The troubles of the San Francisco Bay area's transit police went viral again as video hit the Internet showing what some claim was another use of excessive force.
A cell phone video showing the violent arrest of a mentally ill passenger accused of being disruptive on a commuter train came less than a year after footage of an officer fatally shooting an unarmed man incited riots in the region.
The Saturday night incident has prompted claims of police brutality and sent Bay Area Rapid Transit officials scrambling to address yet another public relations nightmare.
The latest video shows an unidentified officer pulling Michael Gibson, 37, of San Leandro from a train stopped at the West Oakland station. The officer pushes Gibson toward a concrete wall with thick glass windows, causing the glass to shatter and rain onto both men.
The officer is on paid leave after sustaining a concussion and cuts that required stitches. Gibson suffered minor cuts and is in custody on suspicion of battery on a police officer, resisting arrest and disorderly conduct.
Police said Gibson had been arrested earlier in the day outside a mall for investigation of kicking an 82-year-old man on a bus. Gibson was given a misdemeanor citation for assault and battery and later released, Daly City police Sgt. David Mackriss said.
Gibson was arrested again Saturday night after BART police say they received complaints that he had been yelling racial slurs and challenging other train passengers to fight.
Lisa Gibson said her younger brother has been diagnosed with bipolar disorder and schizophrenia and didn't need to be handled so aggressively by the officer.
"He was snatched up and thrown into that thick glass window," she said Monday. "There's no way that officer was just trying to put him in handcuffs."
John Burris, a civil rights attorney representing the family of a man killed by a transit officer on New Year's Day, also criticized the officer's handling of Gibson, saying he didn't give the suspect enough time to respond to his order to get off the train.
"He just physically grabbed this person without giving him the opportunity to respond, comply or surrender," said Burris, who is also representing Gibson. "This officer responded physically instead of verbally."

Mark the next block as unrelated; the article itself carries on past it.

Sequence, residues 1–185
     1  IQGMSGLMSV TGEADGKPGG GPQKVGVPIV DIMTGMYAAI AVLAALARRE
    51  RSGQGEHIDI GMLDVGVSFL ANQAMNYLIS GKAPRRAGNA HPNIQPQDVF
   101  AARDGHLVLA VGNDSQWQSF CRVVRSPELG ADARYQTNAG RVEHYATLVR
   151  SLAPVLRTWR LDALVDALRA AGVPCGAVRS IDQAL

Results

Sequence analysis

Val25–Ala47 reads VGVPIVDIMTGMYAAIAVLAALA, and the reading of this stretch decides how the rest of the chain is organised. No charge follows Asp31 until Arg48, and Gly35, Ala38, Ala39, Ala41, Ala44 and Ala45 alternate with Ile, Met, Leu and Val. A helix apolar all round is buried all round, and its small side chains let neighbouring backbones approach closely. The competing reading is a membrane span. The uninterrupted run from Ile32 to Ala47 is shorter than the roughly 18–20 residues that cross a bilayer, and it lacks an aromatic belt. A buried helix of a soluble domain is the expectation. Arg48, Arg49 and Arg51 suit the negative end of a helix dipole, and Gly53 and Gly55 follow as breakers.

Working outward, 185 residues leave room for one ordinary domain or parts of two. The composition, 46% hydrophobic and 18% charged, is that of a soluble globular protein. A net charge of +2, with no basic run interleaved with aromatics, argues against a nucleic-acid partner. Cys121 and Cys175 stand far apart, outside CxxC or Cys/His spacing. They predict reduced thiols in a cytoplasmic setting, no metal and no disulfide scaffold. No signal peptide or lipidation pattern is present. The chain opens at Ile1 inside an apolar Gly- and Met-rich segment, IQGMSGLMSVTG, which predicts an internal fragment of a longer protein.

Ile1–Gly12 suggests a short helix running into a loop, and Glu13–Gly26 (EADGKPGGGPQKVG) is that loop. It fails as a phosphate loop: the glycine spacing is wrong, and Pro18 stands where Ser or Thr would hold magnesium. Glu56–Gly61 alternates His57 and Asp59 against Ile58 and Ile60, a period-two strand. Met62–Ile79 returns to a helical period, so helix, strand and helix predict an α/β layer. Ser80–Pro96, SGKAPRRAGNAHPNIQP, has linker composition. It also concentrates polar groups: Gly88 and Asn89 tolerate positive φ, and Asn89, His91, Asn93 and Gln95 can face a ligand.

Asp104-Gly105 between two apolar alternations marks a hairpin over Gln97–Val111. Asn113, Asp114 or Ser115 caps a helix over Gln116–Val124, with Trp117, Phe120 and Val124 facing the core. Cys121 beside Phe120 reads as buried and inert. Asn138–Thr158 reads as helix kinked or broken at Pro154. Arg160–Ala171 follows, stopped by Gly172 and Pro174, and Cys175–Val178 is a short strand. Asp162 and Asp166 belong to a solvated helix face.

But Jesse Sekhon, BART police officers union president, said Monday that the officer "used the right amount of force necessary to affect an arrest."
The video was reminiscent of cell phone recordings that captured Johannes Mehserle, a white officer, fatally shooting an unarmed black man in the back on New Year's Day.
Mehserle has pleaded not guilty to a murder charge. His lawyer, Michael Rains, has said his client had intended to pull his stun gun on 22-year-old Oscar Grant and accidentally pulled his pistol instead.
The death led to violent protests in the community.
BART spokesman Linton Johnson said agency officials had learned lessons from the Jan. 1 shooting.
"They realize the value of getting out all of the facts that are releasable," Johnson said. "We're releasing as much information as we can that will not jeopardize this case."
After video surfaced of Gibson's arrest, transit officials quickly called a news conference on Sunday to assure transparency to the public that an investigation was under way. On Monday, BART Police Cmdr. Daniel Hartwig said that investigators are interviewing at least 12 witnesses who saw the incident. Transit officials late Monday released 911 calls that described Gibson as "yelling" and being "angry."
BART Board Member Lynette Sweet said Monday that the incident was the first use-of-force case since the agency mandated after Grant's death that all such incidents receive close scrutiny.
"This incident will get thoroughly investigated," Sweet said. "I don't know if the public will believe it."
Hartwig said Gibson was carrying alcohol in a bag and appeared to be under the influence on the train. Hartwig said concerned passengers had asked Gibson to get off the train.
A smattering of cheers could be heard on the video as the officer pulled Gibson from the passenger car.
It's too early to tell what happened next, Hartwig said.
"That's why we need those facts," he said. "We cannot assume."